The reason for this is because I believe a great narrative voice, or a great way with words, can save a bad story. If you’ve ever listened to a great speaker before, or well, read a book with great presentation before, then you know how easy it is to be swept up in the artistry of the prose, or the passion in their voice. But I don’t think I could enjoy even a great story if its writing was bad, simply because I personally would be too distracted by the repetition, or the typos, or the cringeworthy word choices, or whatever other issues I was being forced to engage with in this hypothetical scenario.
Now, there’s only so far that can go, obviously. If the story is head-shakingly disastrous, then no amount of linguistic flair is going to stop the head shaking in question. And I think it’s equally obvious that no book is this cut and dry. I don’t think I’ve ever read a book whose strength and weakness is this extreme. And most books that are great at one thing are at least acceptable quality with the other.
In fact, the two books I talked about previously are a good example of this. I think a writer with great talent is going to make their story at least somewhat compelling if they’re talented enough to tell it well. And I think a writer with a great story to tell will have enough passion for it that will shine through in their voice and prose.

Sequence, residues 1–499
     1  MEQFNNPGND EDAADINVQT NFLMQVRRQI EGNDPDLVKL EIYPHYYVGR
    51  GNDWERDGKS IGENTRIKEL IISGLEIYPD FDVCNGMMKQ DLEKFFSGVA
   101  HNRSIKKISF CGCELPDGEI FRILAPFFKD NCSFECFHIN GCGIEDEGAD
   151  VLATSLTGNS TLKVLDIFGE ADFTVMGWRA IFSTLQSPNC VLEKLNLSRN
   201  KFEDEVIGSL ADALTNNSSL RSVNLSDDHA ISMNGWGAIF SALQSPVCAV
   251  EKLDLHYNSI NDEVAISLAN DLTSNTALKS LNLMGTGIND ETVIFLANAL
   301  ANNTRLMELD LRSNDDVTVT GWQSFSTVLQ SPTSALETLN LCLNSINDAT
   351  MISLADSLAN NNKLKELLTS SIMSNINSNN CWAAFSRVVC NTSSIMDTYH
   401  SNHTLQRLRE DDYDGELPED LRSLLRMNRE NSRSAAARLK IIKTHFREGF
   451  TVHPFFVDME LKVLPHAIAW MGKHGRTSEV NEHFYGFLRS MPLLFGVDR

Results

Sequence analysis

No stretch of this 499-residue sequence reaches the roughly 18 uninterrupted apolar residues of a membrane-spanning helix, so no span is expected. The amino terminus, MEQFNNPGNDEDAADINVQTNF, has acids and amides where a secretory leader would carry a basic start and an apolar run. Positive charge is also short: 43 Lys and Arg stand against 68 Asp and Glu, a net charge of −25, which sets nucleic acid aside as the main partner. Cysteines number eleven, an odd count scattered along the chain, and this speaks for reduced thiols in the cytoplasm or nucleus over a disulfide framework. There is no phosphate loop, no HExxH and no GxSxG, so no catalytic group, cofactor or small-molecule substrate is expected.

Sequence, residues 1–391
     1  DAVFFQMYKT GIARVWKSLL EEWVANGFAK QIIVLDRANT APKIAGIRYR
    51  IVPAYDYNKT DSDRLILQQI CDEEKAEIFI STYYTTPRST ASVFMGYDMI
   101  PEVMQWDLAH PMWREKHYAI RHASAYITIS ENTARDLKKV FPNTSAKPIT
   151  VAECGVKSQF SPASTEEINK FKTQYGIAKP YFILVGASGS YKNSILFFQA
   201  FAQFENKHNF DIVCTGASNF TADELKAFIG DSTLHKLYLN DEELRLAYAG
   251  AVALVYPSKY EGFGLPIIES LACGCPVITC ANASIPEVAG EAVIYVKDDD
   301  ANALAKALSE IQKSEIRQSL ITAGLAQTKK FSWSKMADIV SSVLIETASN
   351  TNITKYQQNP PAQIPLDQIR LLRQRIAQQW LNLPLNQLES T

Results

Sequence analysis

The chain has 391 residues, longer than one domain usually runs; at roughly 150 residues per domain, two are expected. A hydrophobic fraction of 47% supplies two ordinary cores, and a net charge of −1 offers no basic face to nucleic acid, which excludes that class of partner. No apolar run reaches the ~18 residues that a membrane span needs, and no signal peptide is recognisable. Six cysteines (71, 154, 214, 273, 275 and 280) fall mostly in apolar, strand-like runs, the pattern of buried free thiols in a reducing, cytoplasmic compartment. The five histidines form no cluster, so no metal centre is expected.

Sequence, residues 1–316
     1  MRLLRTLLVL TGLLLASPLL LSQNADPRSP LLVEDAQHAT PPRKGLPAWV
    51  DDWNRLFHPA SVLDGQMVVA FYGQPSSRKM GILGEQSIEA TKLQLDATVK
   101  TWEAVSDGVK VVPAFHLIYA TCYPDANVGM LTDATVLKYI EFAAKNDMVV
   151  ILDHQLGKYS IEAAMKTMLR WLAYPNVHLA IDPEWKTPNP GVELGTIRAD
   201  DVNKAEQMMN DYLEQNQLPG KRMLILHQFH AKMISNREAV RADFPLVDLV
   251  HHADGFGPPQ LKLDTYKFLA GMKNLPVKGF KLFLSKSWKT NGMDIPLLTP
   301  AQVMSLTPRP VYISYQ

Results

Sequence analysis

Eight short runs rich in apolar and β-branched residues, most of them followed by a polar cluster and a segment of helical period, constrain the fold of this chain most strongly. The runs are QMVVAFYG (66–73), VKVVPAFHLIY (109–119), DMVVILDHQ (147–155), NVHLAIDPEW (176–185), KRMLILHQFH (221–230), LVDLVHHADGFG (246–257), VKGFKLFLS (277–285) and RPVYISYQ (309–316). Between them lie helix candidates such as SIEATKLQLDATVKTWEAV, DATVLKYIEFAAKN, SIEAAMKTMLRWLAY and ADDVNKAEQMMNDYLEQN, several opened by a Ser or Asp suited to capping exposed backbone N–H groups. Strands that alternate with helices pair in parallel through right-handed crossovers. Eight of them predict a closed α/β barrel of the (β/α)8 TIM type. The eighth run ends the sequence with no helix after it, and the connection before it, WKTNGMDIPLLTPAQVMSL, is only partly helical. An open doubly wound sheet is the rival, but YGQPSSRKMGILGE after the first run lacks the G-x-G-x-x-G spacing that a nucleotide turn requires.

So maybe this is the point we should start with. If a book is at least passable in one way, but is really, truly great in the other, that can be more than enough for a reader, even some of the most critical readers, to get a lot of value out of it, and enjoy the experience.
The big issue with this discussion is that, as I alluded to earlier on, the story being told and the storyteller are never separable. Any reading experience is going to involve both quite intimately. And the only way to avoid such a thing is by having someone else rewrite the story – which would inevitably change the narrative as well as the presentation, leading to the same question once again.